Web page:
A rough-and-ready reckoning on the ESM scandal that--among other outcomes--triggered Ohio's first bank holiday since the...

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BANKERS, BUILDERS, KNAVES, AND THIEVES: The $300 Million Scam at ESM

A rough-and-ready reckoning on the ESM scandal that--among other outcomes--triggered Ohio's first bank holiday since the Depression. An investment manager whose writing skills are at best serviceable, Maggin recounts how the principals of a small Florida-based firm, wheeling and dealing in the then-unregulated market for US Government securities during the early 1980's, engineered a massive deception whose monetary toll aggregated $300 million. The secret of ESM's spurious success centered on obtaining physical possession of its customers' certificates as collateral against their trades. With help from a crooked auditor, the complicity of a couple of mismanaged institutions, and the naivet‚ of municipal clients, insiders were able to use these borrowed assets to speculate, compensate themselves more than handsomely, and paper over the staggering losses that were incurred. While the game was up by March of 1985, aftershocks from ESM's bankruptcy rippled through the financial community and other venues for several years. Before the sensational case had run its course, Ohio's second-largest savings bank, plus 68 smaller institutions (whose deposits were not federally insured), closed their doors for varying periods, and confidence in capital markets throughout the world suffered a severe setback. The human cost was high as well. Two men touched by the rip-off committed suicide; another eight are behind bars, while a former ambassador to Switzerland is appealing a fraud conviction and defending himself against additional criminal charges as well as civil suits. Thanks to the efforts of some resourceful individuals in the private and public sectors, substantial recoveries have been made and substantive reforms initiated. Satisfactory answers to the question of how the ESM scare went undetected for so long, however, remain harder to come by. Drawing on what appears to be a wealth of knowledgeable sources, Maggin offers a comprehensive and comprehensible, if occasionally awkward, account of a significant commercial conspiracy and its socioeconomic implications. The text has photos (not seen).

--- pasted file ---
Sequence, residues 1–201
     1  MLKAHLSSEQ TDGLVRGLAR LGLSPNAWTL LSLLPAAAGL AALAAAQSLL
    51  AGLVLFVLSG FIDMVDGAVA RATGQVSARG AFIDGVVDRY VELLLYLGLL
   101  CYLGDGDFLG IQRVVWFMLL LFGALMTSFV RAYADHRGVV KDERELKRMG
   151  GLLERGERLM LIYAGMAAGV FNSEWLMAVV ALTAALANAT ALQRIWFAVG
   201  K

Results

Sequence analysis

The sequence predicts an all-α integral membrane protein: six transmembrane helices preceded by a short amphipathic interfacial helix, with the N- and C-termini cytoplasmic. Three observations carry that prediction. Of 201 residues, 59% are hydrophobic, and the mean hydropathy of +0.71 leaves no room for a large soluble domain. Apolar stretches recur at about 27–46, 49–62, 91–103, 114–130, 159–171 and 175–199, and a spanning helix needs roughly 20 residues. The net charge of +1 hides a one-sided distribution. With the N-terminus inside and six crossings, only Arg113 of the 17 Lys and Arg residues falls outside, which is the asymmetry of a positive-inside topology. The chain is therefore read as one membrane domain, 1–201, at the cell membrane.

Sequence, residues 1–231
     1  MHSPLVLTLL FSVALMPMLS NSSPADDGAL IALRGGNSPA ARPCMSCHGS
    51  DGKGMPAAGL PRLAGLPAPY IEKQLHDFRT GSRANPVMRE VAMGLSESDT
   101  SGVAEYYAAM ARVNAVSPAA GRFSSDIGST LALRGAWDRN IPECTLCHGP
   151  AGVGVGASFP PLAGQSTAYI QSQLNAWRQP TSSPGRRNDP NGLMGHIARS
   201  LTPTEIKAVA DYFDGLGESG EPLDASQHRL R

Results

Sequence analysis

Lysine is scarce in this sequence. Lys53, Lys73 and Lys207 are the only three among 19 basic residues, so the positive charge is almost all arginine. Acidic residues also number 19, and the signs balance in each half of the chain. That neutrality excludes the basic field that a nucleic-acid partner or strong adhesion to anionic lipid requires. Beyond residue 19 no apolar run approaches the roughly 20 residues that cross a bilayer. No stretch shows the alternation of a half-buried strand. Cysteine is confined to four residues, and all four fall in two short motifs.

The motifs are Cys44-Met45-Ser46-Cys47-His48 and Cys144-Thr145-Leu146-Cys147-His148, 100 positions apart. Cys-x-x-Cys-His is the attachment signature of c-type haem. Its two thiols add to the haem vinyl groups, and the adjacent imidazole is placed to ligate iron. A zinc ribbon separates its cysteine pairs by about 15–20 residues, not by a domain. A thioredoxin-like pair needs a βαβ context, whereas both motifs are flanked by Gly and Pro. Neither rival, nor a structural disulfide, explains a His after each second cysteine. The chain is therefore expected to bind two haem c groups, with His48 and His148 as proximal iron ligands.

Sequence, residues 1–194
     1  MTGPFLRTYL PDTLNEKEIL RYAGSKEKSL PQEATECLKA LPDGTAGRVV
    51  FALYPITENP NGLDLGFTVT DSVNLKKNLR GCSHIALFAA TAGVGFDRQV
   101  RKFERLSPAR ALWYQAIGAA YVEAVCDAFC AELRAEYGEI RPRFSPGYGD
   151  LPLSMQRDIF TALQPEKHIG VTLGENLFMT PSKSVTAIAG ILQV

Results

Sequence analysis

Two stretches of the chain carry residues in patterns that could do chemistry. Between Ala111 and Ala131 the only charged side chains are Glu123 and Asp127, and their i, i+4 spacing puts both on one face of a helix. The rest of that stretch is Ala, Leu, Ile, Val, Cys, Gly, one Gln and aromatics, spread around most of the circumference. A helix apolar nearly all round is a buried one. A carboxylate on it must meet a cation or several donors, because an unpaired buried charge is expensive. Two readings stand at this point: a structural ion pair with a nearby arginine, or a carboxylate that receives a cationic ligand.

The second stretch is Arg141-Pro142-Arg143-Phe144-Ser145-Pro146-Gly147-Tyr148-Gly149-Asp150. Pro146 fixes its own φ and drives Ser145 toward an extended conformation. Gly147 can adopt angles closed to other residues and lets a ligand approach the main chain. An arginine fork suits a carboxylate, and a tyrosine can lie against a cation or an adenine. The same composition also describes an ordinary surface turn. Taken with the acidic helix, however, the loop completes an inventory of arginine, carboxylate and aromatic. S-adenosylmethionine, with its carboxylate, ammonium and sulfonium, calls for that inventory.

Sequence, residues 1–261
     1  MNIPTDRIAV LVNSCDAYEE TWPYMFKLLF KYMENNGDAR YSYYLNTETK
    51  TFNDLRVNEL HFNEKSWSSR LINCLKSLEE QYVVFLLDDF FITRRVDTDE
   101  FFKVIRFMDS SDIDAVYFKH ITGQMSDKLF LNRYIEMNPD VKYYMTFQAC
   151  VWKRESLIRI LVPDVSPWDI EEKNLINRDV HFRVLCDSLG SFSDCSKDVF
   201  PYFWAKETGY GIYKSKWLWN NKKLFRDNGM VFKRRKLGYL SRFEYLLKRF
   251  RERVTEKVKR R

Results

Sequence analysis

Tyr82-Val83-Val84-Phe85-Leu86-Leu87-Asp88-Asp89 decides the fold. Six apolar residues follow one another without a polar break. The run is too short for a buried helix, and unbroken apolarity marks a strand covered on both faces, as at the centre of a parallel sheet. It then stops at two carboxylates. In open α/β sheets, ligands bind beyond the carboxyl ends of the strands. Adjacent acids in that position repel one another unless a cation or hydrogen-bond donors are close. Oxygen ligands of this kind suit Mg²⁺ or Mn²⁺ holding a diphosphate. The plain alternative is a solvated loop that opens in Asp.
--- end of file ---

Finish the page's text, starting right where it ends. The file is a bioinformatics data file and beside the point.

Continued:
Pub Date: Dec. 1, 1989

ISBN: N/A

Page Count: -

Publisher: Contemporary

Review Posted Online: N/A

Kirkus Reviews Issue: Nov. 15, 1989